FIG. 5 shows the structure of the servo controller of an actuator. As shown in this figure, the servo controller has two control elements, namely a proportional gain K of serial compensation and a phase compensation element C(s), such that not only the proportional gain but also the phase compensation element is adjusted on each joint site. FIG. 6 shows the frequency response of the gain and the phase of a model, expressed by a transfer function, as to a motor and a speed reducing unit shown in FIG. 5.

The phase compensation element is expressed by the following equation 1:

[Equation 1]

C ( s ) = i = 0 m b i · s i i = 0 n a i · s i ( 1 )
where n and m are optional natural numbers, ai and bi are optional real numbers, which are equivalent to the feedback gain in case these numbers express status variables, and s is a Laplace operator.

The model G(s) of the motor and the speed reducing unit, expressed as a transfer function, may be expressed by the following equation 2:

[Equation 2]

G ( s ) = K J s 2 + D s ( 2 )
where K is a motor gain, J is an inertial moment of a motor and D is a viscous resistance coefficient of the motor.

First, an in the stance in which, in a servo controller shown in FIG. 5, a band of phase compensation type control is optionally selected as a designing example of the phase compensation type control, is explained with reference to FIG. 7. It is noted that the quantity of phase compensation is constant and the frequency range is selected to an optional value. In this figure,

  • (1) C(s)-1: The gain amplification of approximately +5.6 dB and a phase lead of approximately +18 degrees are afforded in a band of 1.0 to 100 Hz;
  • (2) C(s)-2: The gain amplification of approximately +5.6 dB and a phase lead of approximately +18 degrees are afforded in a band of 0.1 to 10 Hz; and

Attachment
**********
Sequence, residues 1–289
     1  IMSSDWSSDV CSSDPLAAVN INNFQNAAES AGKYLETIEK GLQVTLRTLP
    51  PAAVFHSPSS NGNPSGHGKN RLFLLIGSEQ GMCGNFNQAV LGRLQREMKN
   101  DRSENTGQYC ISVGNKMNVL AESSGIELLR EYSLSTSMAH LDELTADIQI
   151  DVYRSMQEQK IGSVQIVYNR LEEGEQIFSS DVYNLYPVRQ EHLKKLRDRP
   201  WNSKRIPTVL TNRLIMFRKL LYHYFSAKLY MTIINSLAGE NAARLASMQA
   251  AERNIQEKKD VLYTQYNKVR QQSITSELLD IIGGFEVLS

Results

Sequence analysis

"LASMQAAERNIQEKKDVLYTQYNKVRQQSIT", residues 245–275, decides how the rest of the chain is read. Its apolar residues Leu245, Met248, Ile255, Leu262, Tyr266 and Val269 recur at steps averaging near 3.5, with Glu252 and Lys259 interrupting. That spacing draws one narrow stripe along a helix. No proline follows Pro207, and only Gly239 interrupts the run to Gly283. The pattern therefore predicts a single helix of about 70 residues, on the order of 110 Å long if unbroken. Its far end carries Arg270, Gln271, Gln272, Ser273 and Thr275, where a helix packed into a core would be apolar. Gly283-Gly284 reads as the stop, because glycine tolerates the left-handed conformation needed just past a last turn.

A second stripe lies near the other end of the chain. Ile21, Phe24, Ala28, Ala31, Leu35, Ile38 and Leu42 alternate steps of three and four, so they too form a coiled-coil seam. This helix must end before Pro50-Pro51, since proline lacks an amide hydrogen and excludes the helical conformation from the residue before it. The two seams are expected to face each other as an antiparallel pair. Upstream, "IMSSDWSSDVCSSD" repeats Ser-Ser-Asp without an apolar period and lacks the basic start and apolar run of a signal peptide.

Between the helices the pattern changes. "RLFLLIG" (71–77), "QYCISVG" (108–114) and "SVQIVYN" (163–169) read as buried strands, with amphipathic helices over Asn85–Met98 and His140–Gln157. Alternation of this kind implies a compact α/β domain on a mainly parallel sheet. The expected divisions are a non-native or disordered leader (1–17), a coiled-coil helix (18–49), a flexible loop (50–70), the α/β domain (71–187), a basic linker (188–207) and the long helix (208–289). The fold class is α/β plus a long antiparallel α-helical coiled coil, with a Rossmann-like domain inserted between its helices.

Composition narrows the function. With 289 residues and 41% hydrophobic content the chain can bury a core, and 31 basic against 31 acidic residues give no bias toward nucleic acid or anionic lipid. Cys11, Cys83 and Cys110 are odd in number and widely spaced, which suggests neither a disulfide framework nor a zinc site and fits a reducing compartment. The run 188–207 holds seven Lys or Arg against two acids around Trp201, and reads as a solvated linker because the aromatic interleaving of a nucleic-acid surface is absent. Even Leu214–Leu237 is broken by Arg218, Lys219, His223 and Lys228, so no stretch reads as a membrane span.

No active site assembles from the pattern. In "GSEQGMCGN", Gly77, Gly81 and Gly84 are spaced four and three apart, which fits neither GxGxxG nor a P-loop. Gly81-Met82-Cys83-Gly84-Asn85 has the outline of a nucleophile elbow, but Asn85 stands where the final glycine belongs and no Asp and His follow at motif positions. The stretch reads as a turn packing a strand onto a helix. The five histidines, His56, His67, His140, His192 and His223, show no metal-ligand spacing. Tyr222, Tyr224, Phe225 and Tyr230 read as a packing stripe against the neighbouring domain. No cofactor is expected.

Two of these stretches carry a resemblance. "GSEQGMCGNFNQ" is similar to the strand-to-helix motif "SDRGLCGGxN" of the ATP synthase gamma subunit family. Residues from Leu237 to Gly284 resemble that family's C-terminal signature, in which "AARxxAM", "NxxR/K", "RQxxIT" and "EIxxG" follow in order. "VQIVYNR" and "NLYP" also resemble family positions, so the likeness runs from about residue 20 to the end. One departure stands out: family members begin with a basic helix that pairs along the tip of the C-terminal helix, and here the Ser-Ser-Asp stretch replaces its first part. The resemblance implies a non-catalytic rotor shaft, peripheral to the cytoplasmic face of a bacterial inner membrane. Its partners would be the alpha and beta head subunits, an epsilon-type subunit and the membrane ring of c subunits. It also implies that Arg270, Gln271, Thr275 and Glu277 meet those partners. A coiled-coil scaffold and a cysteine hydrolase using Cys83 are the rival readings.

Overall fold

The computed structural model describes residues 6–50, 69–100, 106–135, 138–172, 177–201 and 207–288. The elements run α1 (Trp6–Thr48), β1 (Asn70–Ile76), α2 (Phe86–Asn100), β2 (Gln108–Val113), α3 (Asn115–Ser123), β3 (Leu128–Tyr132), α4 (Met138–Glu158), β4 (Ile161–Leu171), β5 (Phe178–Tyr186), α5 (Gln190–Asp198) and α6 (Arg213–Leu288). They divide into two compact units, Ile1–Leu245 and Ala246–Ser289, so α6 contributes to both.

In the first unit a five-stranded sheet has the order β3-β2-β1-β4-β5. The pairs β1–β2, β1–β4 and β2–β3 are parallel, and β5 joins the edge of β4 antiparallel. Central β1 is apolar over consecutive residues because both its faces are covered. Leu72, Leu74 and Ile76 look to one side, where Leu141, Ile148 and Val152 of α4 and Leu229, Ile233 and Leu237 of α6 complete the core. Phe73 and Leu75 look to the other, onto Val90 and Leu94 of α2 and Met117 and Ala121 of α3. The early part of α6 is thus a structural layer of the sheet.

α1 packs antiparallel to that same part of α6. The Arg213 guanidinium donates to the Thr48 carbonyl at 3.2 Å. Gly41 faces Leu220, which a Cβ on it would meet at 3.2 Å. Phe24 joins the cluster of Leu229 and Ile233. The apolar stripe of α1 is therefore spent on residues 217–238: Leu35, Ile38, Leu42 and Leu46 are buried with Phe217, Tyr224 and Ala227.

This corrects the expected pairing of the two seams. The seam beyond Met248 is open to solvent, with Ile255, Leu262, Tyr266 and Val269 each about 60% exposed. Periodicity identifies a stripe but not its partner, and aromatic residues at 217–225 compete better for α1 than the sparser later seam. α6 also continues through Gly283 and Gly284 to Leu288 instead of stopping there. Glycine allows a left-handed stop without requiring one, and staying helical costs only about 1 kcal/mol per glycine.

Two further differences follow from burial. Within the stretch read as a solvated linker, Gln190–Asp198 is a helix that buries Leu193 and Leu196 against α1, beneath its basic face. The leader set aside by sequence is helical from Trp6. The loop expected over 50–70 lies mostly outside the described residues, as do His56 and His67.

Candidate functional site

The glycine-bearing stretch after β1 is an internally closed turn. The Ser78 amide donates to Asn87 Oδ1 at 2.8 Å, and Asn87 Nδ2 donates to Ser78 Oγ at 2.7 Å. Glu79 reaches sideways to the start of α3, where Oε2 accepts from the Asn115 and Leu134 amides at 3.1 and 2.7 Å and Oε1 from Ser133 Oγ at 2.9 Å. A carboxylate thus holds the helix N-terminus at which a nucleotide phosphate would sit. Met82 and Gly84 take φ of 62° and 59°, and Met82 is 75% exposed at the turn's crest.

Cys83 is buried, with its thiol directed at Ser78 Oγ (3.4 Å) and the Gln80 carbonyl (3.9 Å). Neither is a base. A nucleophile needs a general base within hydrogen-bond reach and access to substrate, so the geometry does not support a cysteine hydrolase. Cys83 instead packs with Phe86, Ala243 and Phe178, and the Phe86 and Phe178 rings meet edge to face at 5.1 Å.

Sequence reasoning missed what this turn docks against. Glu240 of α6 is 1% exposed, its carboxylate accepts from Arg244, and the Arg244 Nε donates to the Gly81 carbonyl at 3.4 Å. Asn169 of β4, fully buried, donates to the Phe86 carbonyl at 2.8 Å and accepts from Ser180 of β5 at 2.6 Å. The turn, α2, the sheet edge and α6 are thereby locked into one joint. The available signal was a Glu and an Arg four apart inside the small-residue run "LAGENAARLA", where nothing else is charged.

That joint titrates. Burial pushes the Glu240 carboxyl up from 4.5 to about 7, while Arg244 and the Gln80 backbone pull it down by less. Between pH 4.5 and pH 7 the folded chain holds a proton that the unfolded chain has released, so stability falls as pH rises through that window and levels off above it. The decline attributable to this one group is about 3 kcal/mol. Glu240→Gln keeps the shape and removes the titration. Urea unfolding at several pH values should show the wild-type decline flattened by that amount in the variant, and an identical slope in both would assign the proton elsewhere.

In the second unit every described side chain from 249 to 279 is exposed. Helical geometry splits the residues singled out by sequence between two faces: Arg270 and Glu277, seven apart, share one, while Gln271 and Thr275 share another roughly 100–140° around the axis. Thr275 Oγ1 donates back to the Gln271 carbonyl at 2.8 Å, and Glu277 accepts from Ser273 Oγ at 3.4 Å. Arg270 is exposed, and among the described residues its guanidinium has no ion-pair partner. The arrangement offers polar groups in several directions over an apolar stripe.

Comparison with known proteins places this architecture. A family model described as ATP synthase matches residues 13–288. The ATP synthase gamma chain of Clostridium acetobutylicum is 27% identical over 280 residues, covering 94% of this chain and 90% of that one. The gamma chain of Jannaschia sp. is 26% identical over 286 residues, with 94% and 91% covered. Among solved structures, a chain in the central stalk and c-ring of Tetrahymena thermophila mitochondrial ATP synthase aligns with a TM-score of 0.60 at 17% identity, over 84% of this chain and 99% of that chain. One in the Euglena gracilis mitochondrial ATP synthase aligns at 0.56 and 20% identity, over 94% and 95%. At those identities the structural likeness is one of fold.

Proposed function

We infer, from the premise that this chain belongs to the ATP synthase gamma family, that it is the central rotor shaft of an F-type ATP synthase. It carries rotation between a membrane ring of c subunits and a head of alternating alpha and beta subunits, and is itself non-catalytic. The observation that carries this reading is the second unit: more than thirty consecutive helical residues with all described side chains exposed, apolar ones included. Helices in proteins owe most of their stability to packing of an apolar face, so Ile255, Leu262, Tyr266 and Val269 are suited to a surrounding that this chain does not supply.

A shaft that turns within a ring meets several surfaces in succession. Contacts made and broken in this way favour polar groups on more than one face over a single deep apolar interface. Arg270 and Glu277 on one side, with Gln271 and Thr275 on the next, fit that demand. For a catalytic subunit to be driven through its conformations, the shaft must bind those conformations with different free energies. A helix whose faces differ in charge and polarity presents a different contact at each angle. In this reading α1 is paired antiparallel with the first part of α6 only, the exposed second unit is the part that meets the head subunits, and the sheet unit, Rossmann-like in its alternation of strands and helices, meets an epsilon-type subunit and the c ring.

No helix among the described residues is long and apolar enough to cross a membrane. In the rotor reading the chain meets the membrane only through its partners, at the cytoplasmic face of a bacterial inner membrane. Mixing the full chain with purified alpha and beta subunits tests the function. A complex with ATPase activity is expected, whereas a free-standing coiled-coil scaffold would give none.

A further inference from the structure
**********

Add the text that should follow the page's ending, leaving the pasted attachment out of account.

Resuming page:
• (3) C(s)-3: The gain amplification of approximately +5.6 dB and a phase lead of approximately +18 degrees are afforded in a band of 10 to 1 kHz.

Thus, by optional selecting the frequency range for applying phase compensation, the frequency response of the actuator may be set arbitrarily, and hence the frequency response of the joint axes of the robot, constituted by such actuator, may be dynamically adjusted in dependence upon the orientation or the operational aspects of the robot body.

Meanwhile, although an example of phase lead compensation is shown in the example shown in FIG. 7, any optional phase lag may be set in an optional frequency range in the case of phase lag compensation.

Referring to FIG. 8, an example in the case of optionally selecting the quantity of phase compensation (that is, optionally selecting the quantity of phase compensation for a constant frequency range) to be applied in the servo controller shown in FIG. 5, as a designing example of the phase compensation type control, is explained. In FIG. 8,

  • (4) C(s)-4: The gain amplification of approximately +3.5 dB and a phase lead of approximately +12 degrees are afforded in a band of 4.0 to 70 Hz;
  • (5) C(s)-5: The gain amplification of approximately +5.6 dB and a phase lead of approximately +18 degrees are afforded in a band of 2.0 to 70 Hz; and
  • (6) C(s)-6: The gain amplification of approximately +6.5 dB and a phase lead of approximately +21 degrees are afforded in a band of 1.0 to 70 Hz.

Thus, the frequency response of the actuator can be optionally set by optionally selecting the quantity of phase compensation. Consequently, with the joint axes of a robot, made up by these actuators, the frequency response can be adjusted dynamically responsive to the orientation or the operational aspects of the robot body.